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Rubber Stamped Jewelry By Sharilyn Miller by arteesvida
December 22, 2006, 12:31 am
Filed under: Beading, Book Reviews, Metal Work, Mixed Media, Rubber Stamping, Wire Work

Sharilyn Miller is the well-known founding editor of Somerset Studio, Bella Armoire, and Art Doll Quarterly…three magazines on my must-buy list every time they are published! She has published two other books, Stamp Art and Stamp Artist’s Project Book: 85 Projects to Make and Decorate (which includes some of Gloria Page’s work), both of which I have read, enjoyed, and found to be incredibly creative and useful. So being a worshipper at the altar of Sharilyn, you can just imagine how excited I was when she published “Rubber Stamped Jewelry” devoted solely to what creations jewelry artists can make with stamps!

One of the best things about reading her books, is she never makes assumptions about her readers level of skill. So whether you are brand new to jewelry making, or have been making jewelry longer than I have been alive, you will find this book to be a great addition to your library.

The book includes greatly detailed sections on wire work (including beautiful S-Links and S-Clasps), working with rubber stamps, working with polymer clay (including creating beads, molds, and antiquing), fiber arts embellishments (including knotting, braiding, and embellishing), shrink plastic embellishments, and other embellishments (foam, copper sheeting, glass, and paper eyelets). Some of these techniques were brand new to me so I found this an excellent resource guide!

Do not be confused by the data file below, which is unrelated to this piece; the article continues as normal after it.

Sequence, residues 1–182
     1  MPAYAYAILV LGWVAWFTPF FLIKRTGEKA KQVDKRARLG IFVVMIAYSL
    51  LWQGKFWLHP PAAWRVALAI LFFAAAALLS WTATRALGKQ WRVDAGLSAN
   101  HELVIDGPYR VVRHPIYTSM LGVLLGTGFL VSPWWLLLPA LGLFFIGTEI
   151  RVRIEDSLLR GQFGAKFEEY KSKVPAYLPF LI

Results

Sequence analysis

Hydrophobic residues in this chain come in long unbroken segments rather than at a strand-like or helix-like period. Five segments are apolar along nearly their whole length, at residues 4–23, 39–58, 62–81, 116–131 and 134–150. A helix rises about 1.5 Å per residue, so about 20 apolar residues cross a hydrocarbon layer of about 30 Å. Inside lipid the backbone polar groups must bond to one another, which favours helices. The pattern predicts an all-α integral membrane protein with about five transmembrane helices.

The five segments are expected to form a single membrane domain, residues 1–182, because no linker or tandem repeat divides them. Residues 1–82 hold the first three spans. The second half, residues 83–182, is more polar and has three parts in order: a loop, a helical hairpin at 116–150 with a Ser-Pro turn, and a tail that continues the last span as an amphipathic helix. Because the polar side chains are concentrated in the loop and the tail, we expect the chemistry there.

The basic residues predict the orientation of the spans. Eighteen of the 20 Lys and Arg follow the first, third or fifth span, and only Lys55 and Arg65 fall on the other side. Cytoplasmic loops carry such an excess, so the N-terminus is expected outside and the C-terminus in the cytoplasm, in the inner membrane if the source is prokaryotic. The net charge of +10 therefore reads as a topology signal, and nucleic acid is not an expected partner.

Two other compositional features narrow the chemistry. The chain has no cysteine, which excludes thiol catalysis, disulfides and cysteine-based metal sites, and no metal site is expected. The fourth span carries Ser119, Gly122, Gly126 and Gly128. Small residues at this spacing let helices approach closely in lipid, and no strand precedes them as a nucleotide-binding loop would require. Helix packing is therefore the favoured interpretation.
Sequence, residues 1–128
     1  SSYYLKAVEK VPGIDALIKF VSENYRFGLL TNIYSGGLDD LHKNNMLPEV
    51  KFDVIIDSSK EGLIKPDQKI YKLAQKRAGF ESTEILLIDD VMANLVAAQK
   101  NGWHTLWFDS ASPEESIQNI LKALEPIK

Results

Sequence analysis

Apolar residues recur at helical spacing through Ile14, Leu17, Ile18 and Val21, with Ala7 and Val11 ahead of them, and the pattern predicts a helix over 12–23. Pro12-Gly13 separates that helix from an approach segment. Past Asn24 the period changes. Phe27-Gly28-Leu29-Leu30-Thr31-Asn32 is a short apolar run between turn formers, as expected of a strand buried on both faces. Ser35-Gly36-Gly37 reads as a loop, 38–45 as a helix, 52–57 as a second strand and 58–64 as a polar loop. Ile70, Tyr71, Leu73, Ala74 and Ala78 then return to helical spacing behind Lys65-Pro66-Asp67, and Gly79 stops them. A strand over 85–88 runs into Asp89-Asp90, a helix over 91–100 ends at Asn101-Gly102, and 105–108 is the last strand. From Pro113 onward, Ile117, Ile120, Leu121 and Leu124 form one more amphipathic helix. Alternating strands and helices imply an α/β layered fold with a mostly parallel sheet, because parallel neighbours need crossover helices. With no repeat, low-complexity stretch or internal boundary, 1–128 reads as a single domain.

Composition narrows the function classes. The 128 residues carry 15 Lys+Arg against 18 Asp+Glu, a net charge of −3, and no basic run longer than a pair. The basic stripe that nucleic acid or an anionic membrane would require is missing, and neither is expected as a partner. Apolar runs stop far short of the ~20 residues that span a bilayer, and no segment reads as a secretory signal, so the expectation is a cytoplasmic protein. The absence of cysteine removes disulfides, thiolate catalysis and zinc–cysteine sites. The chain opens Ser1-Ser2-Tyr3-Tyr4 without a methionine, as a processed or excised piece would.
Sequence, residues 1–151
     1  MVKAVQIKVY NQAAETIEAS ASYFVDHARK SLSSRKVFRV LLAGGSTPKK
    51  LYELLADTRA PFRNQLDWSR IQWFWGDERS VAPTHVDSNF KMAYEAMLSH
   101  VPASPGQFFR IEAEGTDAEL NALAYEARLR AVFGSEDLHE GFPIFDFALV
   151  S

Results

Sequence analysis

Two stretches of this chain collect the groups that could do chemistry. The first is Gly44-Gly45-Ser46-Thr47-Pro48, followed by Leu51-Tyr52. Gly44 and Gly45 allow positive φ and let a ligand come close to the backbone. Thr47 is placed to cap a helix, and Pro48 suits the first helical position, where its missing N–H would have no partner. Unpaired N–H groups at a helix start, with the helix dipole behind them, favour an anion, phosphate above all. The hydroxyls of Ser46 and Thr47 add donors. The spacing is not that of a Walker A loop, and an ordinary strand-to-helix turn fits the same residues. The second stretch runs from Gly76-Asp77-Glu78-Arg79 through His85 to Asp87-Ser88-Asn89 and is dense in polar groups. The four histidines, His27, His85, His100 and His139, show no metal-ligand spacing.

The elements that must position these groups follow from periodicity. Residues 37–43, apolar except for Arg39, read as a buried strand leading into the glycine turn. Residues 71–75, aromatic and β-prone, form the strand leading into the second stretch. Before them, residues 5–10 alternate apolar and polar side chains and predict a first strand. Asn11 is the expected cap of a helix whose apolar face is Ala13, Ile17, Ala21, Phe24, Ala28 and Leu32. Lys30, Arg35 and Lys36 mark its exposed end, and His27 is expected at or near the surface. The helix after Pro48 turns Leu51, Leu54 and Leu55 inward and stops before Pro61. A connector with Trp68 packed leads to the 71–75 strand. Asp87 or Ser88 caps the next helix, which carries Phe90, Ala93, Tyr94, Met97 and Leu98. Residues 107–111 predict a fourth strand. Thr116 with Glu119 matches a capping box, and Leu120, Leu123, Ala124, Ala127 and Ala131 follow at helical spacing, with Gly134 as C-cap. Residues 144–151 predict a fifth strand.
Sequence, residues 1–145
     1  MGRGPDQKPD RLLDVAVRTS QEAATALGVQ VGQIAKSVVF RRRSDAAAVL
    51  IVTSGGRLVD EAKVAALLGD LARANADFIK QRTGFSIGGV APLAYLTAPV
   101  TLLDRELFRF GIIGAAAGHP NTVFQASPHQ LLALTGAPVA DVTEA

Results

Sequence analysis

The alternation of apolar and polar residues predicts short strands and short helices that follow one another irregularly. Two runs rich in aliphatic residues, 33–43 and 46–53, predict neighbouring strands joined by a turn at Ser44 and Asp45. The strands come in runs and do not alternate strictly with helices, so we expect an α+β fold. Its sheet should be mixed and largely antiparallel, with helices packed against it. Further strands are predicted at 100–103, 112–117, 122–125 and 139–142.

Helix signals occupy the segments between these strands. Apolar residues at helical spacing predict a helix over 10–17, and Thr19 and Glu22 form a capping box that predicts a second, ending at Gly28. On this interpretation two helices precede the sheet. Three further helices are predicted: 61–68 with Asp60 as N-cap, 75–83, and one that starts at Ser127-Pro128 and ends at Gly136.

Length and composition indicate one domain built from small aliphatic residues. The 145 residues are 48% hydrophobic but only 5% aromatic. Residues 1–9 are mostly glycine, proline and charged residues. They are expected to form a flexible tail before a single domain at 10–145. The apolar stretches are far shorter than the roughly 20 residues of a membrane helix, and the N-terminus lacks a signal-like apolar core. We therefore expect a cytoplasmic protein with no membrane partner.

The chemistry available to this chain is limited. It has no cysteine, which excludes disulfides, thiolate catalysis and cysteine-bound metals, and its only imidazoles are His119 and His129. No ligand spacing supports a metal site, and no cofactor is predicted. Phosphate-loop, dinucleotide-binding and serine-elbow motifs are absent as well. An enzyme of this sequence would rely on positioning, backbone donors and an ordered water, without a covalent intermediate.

I have always been a big fan of “creative use of materials”. I love taking odd bits and pieces and turning them in to something beautiful. Many of the projects in this book accomplish this task. One of my favorite projects was the use of tiny 5 sided sales tags. With little holes punched in, and gorgeous stamps and embellishments they made gorgeous jewelry! She also creates amazing projects utilizing vinyl tubing from the home improvement store, glass marbles, and dominoes.

I think my favorite project in the book was “Copper Sunrise”, which used rubber stamps to emboss copper sheeting, and a butane torch to create fabulous colors on the copper. (If you haven’t yet discovered the goodness of a butane torch, they are hugely fun to play with, and only cost about ten dollars for a small one at your local Home Depot.)

Some of the projects require specially ground glass and soldering skills, but the directions are walking you through what to purchase for these projects, where to purchase them, and how to use them correctly. If these techniques are as new to you as they are to me, then !you will find this attention to detail very helpful!

To find out more about the author, see more of her jewelry designs and her workshop teaching schedule, check out her homepage,


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